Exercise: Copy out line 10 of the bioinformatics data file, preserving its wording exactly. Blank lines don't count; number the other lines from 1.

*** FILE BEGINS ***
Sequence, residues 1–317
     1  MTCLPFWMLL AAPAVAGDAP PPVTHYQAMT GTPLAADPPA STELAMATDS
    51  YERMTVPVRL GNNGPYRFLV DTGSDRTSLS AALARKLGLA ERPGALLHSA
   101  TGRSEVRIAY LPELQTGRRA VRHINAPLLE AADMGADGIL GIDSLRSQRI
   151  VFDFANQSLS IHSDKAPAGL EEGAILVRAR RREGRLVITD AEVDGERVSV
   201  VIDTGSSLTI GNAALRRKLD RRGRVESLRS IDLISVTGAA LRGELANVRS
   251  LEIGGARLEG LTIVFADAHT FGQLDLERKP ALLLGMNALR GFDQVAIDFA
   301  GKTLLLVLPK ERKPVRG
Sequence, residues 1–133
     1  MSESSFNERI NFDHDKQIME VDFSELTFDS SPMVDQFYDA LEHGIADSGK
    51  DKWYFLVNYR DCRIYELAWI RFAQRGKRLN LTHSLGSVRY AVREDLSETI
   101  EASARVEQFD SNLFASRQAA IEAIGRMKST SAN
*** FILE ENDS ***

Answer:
     1  MSESSFNERI NFDHDKQIME VDFSELTFDS SPMVDQFYDA LEHGIADSGK